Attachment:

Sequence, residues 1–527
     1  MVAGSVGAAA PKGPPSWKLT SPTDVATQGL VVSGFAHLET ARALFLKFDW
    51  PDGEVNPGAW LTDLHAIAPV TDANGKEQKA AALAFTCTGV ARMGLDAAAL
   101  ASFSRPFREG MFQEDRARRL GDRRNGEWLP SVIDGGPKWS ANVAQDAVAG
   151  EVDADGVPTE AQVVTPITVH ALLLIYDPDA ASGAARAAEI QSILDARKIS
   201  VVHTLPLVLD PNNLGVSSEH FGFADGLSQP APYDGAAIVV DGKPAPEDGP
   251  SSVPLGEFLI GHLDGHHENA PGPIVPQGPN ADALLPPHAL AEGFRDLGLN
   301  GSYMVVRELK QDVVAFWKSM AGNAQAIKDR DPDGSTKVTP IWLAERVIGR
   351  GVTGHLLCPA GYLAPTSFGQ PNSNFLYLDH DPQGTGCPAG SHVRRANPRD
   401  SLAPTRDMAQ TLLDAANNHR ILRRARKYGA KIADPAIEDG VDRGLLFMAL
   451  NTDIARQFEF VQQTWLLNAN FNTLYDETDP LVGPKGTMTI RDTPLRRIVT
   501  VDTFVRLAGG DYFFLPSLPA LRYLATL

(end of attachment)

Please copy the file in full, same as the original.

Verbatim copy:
Sequence, residues 1–527
     1  MVAGSVGAAA PKGPPSWKLT SPTDVATQGL VVSGFAHLET ARALFLKFDW
    51  PDGEVNPGAW LTDLHAIAPV TDANGKEQKA AALAFTCTGV ARMGLDAAAL
   101  ASFSRPFREG MFQEDRARRL GDRRNGEWLP SVIDGGPKWS ANVAQDAVAG
   151  EVDADGVPTE AQVVTPITVH ALLLIYDPDA ASGAARAAEI QSILDARKIS
   201  VVHTLPLVLD PNNLGVSSEH FGFADGLSQP APYDGAAIVV DGKPAPEDGP
   251  SSVPLGEFLI GHLDGHHENA PGPIVPQGPN ADALLPPHAL AEGFRDLGLN
   301  GSYMVVRELK QDVVAFWKSM AGNAQAIKDR DPDGSTKVTP IWLAERVIGR
   351  GVTGHLLCPA GYLAPTSFGQ PNSNFLYLDH DPQGTGCPAG SHVRRANPRD
   401  SLAPTRDMAQ TLLDAANNHR ILRRARKYGA KIADPAIEDG VDRGLLFMAL
   451  NTDIARQFEF VQQTWLLNAN FNTLYDETDP LVGPKGTMTI RDTPLRRIVT
   501  VDTFVRLAGG DYFFLPSLPA LRYLATL